Plenty of gas to go

In 2012, Shah Deniz is projected to produce 18 billion cubic metres of gas, a large part of which will be transported to Europe. The number of states purchasing gas from Azerbaijan will rise substantially. Greece, Bulgaria, Italy, Romania, Poland, the Baltic States, Hungary, Slovakia and other countries are among those expected to receive fuel from the Caspian in the coming years. From 2015-2020, at least 20 billion cubic metres of gas will be piped to Europe. Other prospective fields, such as Bahar, Inam, Alov and Umid, have deposits of more than 2-3 trillion cubic metres. Assuming that the country will produce 15-20 billion cubic metres of gas annually, these resources should be sufficient for 100, or even 200 years. This raises the possibility of exporting gas via other routes, in addition to the Southern Corridor. In line with its multi-directional energy policy, the government has included the transportation of fuel via Nabucco, Turkey-Greece-Italy, Trans-Adriatic and other pipelines in its long-term plans.

A further option is for the countries of Central Asia to join these projects in the future. The possibilities of collaboration with Turkmenistan and Kazakhstan are being discussed. Only time will tell whether these initiatives succeed. John Roberts, of Platts agency, while emphasizing the importance of Turkmen gas for the project, noted that,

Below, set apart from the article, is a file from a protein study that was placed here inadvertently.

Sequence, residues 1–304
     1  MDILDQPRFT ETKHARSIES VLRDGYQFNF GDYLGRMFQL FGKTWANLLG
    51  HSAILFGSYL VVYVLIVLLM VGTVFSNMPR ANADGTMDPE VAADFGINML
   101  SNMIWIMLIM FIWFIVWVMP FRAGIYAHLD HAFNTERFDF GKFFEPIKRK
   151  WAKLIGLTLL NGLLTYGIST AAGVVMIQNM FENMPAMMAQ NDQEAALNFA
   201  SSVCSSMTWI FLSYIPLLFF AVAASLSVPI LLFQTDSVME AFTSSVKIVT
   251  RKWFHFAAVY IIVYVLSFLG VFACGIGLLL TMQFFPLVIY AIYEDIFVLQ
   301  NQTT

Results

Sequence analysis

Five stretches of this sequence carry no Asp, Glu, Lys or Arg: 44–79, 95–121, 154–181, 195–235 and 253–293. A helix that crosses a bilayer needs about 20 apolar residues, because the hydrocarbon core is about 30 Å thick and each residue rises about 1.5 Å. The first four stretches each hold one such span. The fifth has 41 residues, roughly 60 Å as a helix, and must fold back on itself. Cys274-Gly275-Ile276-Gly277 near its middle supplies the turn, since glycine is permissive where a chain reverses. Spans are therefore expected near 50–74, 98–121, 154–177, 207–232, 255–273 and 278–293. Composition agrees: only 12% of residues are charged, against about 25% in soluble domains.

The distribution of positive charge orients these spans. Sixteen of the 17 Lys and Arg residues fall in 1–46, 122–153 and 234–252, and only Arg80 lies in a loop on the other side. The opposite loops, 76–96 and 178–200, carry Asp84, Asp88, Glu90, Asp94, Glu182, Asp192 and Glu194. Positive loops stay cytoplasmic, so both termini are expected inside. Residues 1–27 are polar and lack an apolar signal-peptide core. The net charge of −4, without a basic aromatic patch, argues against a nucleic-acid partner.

in contrast to the proactive position of Azerbaijan, Turkmenistan remains passive.

He said that Azerbaijan is active in the search and development of gas resources, in finding ways to get them to the world market and in the realization of these routes; in contrast, Turkmenistan is passive, waiting upon op- tions proposed by others and it does not give the necessary support to routes that are proposed. As for Kazakhstan, Mr. Roberts questions whether it will be active or passive here and notes that, again, time will tell. In general, he stressed that Azerbaijan is conducting the most stable and consistent oil and gas policy in the region, indirectly making it an example to other countries in the region.

Energy resources for regional resolution

The success achieved at the Shah Deniz, Umid and Absheron gas fields has strengthened Azerbaijan’s position in the project to ensure energy security for Europe. There are great expectations of the Caspian region from Europe in light of its desire to reduce energy dependence on Russia. At the same time, Azerbaijan has its own expectations of the West. At a time when negotiations on the Nagorno-Karabakh conflict are at a decisive stage, the success of the Umid and Absheron gas fields is of great importance for our state. Huge political dividends may be reaped from successes in the economic sphere; in particular, hopes rise for the negotiations to resolve the Nagorno- Karabakh situation. May these hopes be justified...

About the author: Murad Mehdiyev is a lawyer, Saarland University LLM